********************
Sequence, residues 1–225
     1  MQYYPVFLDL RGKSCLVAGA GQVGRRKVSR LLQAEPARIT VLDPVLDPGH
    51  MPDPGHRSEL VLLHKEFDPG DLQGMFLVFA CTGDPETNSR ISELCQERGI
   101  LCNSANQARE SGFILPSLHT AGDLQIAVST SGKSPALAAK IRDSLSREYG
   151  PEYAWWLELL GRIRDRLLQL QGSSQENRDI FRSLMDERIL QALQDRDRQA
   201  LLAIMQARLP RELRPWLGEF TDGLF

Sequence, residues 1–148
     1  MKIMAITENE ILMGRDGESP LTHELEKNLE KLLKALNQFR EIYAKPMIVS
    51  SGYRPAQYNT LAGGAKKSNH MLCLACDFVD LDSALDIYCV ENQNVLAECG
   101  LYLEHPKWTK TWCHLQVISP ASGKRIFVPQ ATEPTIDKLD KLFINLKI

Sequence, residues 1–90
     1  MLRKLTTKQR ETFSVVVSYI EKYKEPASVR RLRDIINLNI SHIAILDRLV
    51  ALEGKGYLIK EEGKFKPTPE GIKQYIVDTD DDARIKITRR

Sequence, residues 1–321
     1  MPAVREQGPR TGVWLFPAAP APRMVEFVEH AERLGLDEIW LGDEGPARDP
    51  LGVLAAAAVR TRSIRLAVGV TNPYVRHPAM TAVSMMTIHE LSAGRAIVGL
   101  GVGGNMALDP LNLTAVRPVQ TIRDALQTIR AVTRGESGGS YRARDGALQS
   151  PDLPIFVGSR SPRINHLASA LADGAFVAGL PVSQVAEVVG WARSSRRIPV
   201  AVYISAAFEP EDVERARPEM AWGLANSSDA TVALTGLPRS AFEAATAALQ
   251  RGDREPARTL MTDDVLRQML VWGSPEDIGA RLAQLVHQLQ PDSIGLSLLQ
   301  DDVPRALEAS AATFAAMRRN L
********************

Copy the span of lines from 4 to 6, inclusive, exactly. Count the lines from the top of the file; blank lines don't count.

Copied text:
   101  LCNSANQARE SGFILPSLHT AGDLQIAVST SGKSPALAAK IRDSLSREYG
   151  PEYAWWLELL GRIRDRLLQL QGSSQENRDI FRSLMDERIL QALQDRDRQA
   201  LLAIMQARLP RELRPWLGEF TDGLF